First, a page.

The Death of the "Stay-at-Home Parent"?  Gender, Work and Parenting in the 21st Century U.S.

Beth A. Latshaw, Appalachian State University

Using a combination of Census microdata from the American Community Survey, household time diaries, and semi-structured interviews, this paper critically evaluates the conceptualization and measurement of stay-at-home parenthood. More specifically, I employ time diary and interview data with 40 fathers to empirically examine the time use of men who "stay home." I find that -- due to fathers' participation in paid work, volunteer work, and leisure, as well as children's hours in school and activities -- men who identify as "staying home" report little difference in "primary caregiving" time from full-time employed fathers. In addition, 2 out of 3 stay-at-home fathers would be excluded from the Census' count due to participation in the labor force, duration at home, or reasons for staying home. I extend my findings to stay-at-home mothers, predicting that the term "stay-at-home parenthood" is becoming antiquated, and conclude by suggesting that the Census measures "primary caregiving" instead.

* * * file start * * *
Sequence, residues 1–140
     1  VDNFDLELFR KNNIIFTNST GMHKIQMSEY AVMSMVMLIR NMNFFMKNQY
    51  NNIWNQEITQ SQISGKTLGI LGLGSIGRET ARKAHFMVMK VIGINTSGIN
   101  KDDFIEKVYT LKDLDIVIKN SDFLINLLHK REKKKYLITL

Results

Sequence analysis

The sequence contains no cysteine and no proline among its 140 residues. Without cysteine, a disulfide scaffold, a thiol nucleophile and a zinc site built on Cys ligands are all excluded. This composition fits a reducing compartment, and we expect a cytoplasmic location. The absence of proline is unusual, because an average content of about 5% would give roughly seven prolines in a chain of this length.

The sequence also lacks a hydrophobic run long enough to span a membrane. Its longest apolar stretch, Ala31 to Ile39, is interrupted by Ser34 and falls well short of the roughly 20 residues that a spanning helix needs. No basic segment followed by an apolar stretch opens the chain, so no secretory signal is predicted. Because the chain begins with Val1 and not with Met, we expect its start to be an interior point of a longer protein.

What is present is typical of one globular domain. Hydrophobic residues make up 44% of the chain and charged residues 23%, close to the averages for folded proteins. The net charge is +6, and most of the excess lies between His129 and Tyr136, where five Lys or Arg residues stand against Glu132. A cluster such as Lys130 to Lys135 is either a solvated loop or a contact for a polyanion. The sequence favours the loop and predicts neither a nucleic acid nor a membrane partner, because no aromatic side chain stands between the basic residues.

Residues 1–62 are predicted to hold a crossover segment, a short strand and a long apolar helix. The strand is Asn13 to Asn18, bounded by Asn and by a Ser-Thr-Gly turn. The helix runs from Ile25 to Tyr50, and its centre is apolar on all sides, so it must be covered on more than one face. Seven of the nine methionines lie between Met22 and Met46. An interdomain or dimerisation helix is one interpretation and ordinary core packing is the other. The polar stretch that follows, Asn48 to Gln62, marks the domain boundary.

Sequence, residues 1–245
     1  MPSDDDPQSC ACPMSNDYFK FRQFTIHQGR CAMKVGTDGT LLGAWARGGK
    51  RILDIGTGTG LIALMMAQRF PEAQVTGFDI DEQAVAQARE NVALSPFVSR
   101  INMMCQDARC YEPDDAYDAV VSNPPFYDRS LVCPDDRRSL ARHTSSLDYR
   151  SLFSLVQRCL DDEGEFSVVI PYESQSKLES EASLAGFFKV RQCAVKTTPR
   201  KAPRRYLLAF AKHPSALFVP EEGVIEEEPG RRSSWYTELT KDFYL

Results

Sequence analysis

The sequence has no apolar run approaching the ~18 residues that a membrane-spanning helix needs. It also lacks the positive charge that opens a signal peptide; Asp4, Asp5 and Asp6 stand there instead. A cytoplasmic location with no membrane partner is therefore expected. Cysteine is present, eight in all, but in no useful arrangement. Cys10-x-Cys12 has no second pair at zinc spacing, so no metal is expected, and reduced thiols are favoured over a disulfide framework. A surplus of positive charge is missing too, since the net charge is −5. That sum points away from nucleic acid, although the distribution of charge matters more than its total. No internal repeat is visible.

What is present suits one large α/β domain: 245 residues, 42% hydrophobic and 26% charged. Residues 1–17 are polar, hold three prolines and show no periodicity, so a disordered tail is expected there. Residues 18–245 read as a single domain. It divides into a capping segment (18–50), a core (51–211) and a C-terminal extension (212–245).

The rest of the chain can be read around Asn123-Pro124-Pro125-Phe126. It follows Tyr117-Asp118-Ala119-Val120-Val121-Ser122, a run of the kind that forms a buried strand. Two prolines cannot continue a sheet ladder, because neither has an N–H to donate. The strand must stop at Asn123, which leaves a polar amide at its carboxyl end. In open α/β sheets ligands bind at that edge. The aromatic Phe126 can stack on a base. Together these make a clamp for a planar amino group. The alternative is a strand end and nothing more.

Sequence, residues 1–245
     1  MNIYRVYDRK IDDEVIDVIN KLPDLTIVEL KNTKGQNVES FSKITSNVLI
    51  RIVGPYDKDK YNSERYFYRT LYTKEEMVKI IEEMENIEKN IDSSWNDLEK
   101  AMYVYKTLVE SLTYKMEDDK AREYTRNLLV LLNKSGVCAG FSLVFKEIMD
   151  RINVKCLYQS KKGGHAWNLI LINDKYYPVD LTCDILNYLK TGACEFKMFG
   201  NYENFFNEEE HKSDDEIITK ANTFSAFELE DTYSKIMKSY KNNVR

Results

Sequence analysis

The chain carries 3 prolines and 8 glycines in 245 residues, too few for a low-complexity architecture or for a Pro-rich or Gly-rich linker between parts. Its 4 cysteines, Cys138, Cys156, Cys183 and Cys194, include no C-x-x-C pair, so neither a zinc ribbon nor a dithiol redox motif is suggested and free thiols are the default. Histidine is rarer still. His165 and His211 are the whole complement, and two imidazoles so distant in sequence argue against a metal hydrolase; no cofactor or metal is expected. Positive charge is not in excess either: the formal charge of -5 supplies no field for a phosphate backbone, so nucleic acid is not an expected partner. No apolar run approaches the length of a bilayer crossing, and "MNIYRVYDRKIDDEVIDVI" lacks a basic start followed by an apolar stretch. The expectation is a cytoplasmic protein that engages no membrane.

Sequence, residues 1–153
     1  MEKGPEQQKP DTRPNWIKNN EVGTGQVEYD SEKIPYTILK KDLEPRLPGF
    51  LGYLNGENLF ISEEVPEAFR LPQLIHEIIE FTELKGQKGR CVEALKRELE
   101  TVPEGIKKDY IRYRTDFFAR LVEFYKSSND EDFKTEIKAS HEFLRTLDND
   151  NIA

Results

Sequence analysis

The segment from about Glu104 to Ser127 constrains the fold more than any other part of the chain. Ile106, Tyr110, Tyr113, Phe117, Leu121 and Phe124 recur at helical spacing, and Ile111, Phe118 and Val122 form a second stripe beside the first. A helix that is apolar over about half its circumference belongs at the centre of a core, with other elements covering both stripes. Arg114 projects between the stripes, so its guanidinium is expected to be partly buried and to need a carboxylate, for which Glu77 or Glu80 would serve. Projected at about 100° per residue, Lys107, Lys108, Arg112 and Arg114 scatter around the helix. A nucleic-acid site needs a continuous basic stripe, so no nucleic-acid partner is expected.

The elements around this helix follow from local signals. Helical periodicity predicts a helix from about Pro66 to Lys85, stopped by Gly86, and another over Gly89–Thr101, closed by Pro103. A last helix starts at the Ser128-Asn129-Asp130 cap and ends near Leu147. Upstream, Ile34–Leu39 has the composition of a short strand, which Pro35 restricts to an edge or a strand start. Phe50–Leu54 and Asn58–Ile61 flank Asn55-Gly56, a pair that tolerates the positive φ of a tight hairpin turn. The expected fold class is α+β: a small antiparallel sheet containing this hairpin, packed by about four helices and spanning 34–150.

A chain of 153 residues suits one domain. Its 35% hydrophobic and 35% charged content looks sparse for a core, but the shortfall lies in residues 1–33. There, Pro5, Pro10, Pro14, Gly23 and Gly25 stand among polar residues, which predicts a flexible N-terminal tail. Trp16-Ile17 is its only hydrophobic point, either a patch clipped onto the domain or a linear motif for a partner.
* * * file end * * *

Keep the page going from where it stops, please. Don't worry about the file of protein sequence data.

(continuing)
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Presented in Session 160: The Changing Roles of Fathers